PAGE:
0000010 0e 14 01 03 80 00 00 78 0a 1c 43 a4 57 4b a8 26
0000020 0c 49 4e ff ff 80 71 40 81 40 61 59 81 00 81 80
0000030 90 40 81 c0 a9 40 02 3a 80 18 71 38 2d 40 58 2c
0000040 35 00 c4 8e 21 00 00 1c 0e 1f 00 80 51 00 1e 30
0000050 40 80 37 00 c4 8e 21 00 00 1c 00 00 00 fc 00 4f
0000060 70 74 6f 6d 61 20 48 44 32 30 0a 20 00 00 00 fd
0000070 00 0f 58 0f 64 11 00 0a 20 20 20 20 20 20 01 db
0000080 02 03 21 71 4b 90 1f 05 14 04 22 21 13 03 12 20
0000090 66 03 0c 00 10 00 28 29 16 07 50 09 1f 07 3e 1f
00000a0 bc f3 39 80 18 71 38 2d 40 58 2c 45 00 c4 8e 21
00000b0 00 00 1e f3 39 80 d0 72 38 2d 40 10 2c 45 80 c4
00000c0 8e 21 00 00 1e 01 1d 00 72 51 d0 1e 20 6e 28 55
00000d0 00 c4 8e 21 00 00 1e 8c 0a d0 90 20 40 31 20 0c
00000e0 40 55 00 13 8e 21 00 00 18 8c 0a d0 8a 20 e0 2d
00000f0 10 10 3e 96 00 13 8e 21 00 00 18 00 00 00 00 6b


Disclaimer: DO NOT flash this EDID to your device. They are different for every model of display. Doing so could render your display completely useless.

### Using the New EDID

EDID is usually stored in an EEPROM that is directly connected to the I2C bus of the source device via pins 16 and 17 of the HDMI cable. I originally planned to attach a new EEPROM (specifically this) to the HDMI cable with my custom EDID flashed to it. As it turned out, that ended up being unnecessary. Upon reading the service manual for my projector, I surmised that the EEPROM in the projector was not write-protected. After enabling support for userland I2C with modprobe i2c-dev and installing the i2c-tools package, I identified that the DDC on my laptop was on I2C bus 3 (it will always be at address 0x50). I used the i2cdump 3 0x50 command to dump the EDID onto my Linux laptop to verify its integrity. It is important to make sure not to write to any address other than 0x50 on the I2C bus (and to make sure you are using the correct bus), because it is possible to seriously damage a computer by writing an EDID to the EEPROMs on your RAM sticks. After a bit of experimentation, I was able to put together a simplistic Python script to write the new EDID to my projector.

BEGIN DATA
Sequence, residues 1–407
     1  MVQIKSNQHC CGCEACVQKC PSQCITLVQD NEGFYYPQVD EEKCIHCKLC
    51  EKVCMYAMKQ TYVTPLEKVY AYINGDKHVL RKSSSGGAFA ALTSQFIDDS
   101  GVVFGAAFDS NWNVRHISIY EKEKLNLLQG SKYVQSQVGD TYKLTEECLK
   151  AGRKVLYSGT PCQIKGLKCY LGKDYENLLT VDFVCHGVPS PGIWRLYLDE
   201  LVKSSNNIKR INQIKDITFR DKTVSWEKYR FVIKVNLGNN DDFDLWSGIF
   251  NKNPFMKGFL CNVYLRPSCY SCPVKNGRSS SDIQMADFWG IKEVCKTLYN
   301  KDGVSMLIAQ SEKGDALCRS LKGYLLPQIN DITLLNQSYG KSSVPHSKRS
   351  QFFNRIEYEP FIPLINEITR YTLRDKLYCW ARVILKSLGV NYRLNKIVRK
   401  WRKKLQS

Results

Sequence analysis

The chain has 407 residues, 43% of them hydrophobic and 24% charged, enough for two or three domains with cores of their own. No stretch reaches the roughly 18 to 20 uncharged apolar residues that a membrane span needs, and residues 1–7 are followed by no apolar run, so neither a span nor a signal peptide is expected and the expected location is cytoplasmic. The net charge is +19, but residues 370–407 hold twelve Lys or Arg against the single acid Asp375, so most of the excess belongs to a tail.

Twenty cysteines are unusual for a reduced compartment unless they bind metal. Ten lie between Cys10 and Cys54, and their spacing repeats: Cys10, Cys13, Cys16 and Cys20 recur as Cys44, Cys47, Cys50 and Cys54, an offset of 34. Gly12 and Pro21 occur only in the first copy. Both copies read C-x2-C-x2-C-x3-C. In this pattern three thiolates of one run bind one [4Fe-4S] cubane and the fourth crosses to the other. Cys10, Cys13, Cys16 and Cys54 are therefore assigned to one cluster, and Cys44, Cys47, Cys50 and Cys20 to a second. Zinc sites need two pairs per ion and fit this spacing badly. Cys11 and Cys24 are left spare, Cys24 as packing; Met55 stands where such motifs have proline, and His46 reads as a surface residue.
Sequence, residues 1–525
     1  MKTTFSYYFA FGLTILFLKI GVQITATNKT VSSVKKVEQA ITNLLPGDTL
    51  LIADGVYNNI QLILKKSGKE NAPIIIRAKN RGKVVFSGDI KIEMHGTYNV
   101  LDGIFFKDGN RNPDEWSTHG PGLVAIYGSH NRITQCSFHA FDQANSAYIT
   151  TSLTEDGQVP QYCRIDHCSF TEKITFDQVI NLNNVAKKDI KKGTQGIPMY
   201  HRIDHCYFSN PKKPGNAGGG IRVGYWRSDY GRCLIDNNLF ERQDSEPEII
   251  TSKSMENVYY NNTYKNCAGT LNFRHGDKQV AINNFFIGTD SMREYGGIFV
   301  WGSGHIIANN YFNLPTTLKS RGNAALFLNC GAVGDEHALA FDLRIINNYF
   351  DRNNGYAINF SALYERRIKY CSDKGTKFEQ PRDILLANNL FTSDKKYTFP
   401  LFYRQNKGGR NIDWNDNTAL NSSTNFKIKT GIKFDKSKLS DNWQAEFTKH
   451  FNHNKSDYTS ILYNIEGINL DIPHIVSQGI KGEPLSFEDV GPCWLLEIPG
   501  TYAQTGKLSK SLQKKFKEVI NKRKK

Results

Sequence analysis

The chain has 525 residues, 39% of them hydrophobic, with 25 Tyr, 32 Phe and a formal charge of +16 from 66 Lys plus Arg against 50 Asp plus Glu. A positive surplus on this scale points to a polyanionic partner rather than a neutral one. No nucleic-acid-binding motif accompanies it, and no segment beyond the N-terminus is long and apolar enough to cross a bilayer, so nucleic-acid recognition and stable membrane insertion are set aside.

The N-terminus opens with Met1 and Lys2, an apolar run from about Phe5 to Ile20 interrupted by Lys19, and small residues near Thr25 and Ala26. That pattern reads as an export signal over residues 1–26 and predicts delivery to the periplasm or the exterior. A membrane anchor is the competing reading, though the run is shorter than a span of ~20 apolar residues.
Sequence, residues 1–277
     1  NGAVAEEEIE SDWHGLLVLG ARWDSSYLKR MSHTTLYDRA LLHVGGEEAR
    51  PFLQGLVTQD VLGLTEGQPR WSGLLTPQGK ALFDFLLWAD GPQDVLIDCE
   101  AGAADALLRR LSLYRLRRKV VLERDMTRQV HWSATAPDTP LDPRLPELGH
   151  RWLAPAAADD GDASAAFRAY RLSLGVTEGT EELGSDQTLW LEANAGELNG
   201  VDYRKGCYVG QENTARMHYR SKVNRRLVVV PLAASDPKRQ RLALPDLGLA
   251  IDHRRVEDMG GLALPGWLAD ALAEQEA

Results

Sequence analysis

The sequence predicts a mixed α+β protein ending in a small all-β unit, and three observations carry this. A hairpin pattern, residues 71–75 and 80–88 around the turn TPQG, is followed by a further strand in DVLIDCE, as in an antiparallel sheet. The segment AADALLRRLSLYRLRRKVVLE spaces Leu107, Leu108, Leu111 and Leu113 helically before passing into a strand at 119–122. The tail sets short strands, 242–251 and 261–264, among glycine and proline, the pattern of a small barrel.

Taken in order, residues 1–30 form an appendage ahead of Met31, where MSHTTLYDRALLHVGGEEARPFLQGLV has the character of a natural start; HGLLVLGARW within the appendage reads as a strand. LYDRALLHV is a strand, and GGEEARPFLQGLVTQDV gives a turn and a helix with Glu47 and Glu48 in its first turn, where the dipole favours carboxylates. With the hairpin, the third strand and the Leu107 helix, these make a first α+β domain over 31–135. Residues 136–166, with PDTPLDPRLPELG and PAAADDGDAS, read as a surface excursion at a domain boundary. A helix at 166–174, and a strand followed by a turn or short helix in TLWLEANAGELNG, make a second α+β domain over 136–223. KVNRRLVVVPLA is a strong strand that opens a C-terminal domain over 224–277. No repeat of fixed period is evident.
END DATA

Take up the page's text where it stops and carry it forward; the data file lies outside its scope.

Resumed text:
#!/usr/bin/env python3
import subprocess
import time
i2cbus = 3 #This is important. Check which bus your DDC is on with i2cdetect.
offset = 0x00 #Where to start writing
data = [0x00, 0xFF, 0xFF, 0xFF, 0xFF,...] #Your EDID Goes here

for value in data:
print("value", hex(value), "offset", hex(offset)) #for debuging
print(subprocess.check_output(["i2cset", "-y", str(i2cbus), "0x50", str(hex(offset)), str(hex(value))]))
time.sleep(0.1) #Makes sure we finish before moving on
offset += 1


This script is also available as a gist.

After running this script (as root) and verifying the results with i2cdump, I was confident that the EDID had been changed correctly. I removed all of the excess optical audio cables from my system, and I can now switch between all of my A/V sources with just one button.

Disclaimer: changing EEPROM settings on your device is somewhat risky, and will absolutely void your warranty. If you want a turnkey solution, something like the Dr. HDMI might be more to your liking. I have no affiliation with HDFury, and am only linking to them as an alternative option. I am not responsible if you end up bricking your device. Please make a backup of your original EDID before writing a new one.